Abundance of Ganoderma sp. in Europe and SW Asia : modeling the pathogen infection levels in local trees using the proxy of airborne spore concentrations

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Abundance of Ganoderma sp. in Europe and SW Asia
modeling the pathogen infection levels in local trees using the proxy of airborne spore concentrations
Agnieszka Grinn-Gofroń, Paweł Bogawski, Beata Bosiacka, Jakub Nowosad, Irene Camacho, Magdalena Sadyś, Carsten Ambelas Skjøth, Catherine Helen Pashley, Victoria Rodinkova, Talip Çeter, Claudia Traidl-Hoffmann, Athanasios Damialis
Sumy twórców
12 autorów
Punktacja publikacji
Osoba Dysc. Pc k m P U Pu Opis
0000-0003-4440-291X 6.4 200 1 12 200,00 1,0000 200,0000 Art.
0000-0001-9489-6116 6.7 200 1 12 200,00 1,0000 200,0000 Art.
Gł. język publikacji
Angielski (English)
Data publikacji
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0 (arkuszy wydawniczych)
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W wolnym dostępie jest tylko abstrakt, cały artykuł w subskrypcji.
Cechy publikacji
  • Oryginalny artykuł naukowy
Słowa kluczowe
Science of The Total Environment
( ISSN 0048-9697 eISSN 1879-1026 )
Kraj wydania: Holandia (Netherlands)
Zeszyt: vol. 793
Nr: 148509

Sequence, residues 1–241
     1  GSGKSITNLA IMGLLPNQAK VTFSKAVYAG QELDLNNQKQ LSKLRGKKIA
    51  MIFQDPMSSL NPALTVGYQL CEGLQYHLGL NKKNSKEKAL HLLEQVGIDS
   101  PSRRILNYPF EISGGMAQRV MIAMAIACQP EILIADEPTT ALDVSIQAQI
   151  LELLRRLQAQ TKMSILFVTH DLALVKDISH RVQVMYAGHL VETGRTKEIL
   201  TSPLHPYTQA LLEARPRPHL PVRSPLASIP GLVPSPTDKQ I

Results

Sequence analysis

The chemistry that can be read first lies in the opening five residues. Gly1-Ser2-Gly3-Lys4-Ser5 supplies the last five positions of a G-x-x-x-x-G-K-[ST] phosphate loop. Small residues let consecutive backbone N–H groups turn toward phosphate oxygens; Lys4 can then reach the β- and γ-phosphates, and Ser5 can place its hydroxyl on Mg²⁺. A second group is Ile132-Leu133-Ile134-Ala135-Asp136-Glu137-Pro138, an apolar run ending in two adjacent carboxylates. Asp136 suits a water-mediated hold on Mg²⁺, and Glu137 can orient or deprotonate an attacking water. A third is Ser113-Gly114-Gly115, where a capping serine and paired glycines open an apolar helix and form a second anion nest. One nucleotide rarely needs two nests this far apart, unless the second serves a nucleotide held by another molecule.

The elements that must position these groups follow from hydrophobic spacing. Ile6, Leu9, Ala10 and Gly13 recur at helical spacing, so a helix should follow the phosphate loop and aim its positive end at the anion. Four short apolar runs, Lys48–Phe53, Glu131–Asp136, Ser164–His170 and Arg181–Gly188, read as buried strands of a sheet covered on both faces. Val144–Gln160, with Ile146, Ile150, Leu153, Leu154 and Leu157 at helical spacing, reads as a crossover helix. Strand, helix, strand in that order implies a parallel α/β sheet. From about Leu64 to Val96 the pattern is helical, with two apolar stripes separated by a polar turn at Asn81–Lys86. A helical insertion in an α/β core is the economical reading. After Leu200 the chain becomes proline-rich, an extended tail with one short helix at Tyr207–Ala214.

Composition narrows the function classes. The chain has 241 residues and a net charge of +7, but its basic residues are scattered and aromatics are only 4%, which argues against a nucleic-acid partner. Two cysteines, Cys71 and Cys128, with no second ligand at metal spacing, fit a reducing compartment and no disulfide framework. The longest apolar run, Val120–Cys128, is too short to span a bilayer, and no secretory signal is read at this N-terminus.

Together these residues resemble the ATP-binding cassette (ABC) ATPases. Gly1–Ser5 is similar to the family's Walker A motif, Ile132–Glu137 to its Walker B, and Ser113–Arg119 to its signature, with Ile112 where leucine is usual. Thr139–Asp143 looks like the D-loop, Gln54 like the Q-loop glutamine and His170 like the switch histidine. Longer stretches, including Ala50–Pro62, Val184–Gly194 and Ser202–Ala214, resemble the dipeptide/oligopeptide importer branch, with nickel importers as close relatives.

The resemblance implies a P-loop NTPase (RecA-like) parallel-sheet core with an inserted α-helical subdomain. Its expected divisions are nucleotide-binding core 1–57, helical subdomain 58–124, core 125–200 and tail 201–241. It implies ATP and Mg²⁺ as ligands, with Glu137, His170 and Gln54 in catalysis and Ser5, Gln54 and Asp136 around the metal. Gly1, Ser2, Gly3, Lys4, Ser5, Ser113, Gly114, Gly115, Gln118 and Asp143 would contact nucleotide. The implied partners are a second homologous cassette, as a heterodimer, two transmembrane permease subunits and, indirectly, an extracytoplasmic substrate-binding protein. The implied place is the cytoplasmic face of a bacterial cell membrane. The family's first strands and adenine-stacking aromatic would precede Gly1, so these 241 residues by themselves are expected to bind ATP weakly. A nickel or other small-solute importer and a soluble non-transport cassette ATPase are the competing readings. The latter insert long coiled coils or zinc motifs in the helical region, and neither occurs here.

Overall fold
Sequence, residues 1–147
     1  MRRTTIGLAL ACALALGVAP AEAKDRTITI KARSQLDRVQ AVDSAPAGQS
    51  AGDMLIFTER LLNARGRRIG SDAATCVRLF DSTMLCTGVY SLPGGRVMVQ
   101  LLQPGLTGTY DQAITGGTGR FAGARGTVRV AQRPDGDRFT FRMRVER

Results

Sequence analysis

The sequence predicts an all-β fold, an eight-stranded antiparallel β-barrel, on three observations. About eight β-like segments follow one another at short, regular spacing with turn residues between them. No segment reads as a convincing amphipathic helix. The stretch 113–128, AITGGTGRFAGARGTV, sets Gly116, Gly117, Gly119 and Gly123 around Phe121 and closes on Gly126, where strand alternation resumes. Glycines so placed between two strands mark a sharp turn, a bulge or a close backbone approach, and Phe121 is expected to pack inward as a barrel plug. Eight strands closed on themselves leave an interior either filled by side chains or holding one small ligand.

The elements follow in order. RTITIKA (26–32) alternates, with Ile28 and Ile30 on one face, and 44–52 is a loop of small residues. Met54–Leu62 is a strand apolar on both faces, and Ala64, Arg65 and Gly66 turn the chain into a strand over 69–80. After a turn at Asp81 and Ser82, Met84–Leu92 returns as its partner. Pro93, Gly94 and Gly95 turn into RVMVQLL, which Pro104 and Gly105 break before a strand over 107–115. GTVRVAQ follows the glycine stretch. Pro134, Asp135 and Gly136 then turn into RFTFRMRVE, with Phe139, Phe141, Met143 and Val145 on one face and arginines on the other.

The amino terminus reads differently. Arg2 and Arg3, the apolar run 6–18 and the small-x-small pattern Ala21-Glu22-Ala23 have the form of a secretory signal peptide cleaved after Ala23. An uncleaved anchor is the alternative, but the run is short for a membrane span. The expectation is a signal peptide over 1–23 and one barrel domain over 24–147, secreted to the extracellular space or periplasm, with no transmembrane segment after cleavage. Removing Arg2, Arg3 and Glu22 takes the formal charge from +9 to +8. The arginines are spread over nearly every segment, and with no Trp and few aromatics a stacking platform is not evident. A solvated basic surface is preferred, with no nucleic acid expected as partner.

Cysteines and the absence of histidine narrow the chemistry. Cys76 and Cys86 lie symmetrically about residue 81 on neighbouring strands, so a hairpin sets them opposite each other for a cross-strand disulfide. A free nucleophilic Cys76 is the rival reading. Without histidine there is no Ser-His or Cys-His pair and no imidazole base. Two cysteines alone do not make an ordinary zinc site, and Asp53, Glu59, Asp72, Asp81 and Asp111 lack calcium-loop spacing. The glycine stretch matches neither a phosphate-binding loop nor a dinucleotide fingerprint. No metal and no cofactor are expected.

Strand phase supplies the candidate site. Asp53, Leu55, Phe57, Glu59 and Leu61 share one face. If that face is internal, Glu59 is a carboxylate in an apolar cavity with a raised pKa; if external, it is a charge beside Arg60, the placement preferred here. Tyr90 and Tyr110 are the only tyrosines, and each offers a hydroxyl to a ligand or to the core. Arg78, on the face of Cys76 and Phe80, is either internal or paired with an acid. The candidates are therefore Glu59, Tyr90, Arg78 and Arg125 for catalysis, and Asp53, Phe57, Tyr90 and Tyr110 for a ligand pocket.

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Ganodermacomprises a common bracket fungal genus that causes basal stem rot in deciduous and coniferoustrees and palms, thus having a large economic impact on forestry production.We estimated pathogen abundanceusing long-term, daily spore concentration data collected infive biogeographic regions in Europe and SW Asia.We hypothesized that pathogen abundance in the air depends on the density of potential hosts (trees) in the sur-rounding area, and that its spores originate locally. We tested this hypothesis by (1) calculating tree cover den-sity, (2) assessing the impact of local meteorological variables on spore concentration, (3) computing backtrajectories, (4) developing random forest models predicting daily spore concentration. The area covered bytrees was calculated based on Tree Density Datasets within a 30 km radius from sampling sites. Variations in daily and seasonal spore concentrations were cross-examined between sites using a selection of statistical toolsincluding HYSPLIT and random forest models.Our results showed that spore concentrations were higher in Northern and Central Europe than in South Europeand SW Asia. High and unusually high spore concentrations (> 90th and > 98th percentile, respectively) werepartially associated with long distance transported spores: at least 33% ofGanodermaspores recorded in Madeiraduring days with high concentrations originated from the Iberian Peninsula located >900 km away. Random for-est models developed on local meteorological data performed better in sites where the contribution of long dis-tance transported spores was lower. We found that high concentrations were recorded in sites with low hostdensity (Leicester, Worcester), and low concentrations in Kastamonu with high host density. This suggeststhat south European and SW Asian forests may be less severely affected byGanoderma. This study highlightsthe effectiveness of monitoring airborneGanodermaspore concentrations as a tool for assessing localGanodermapathogen infection levels.

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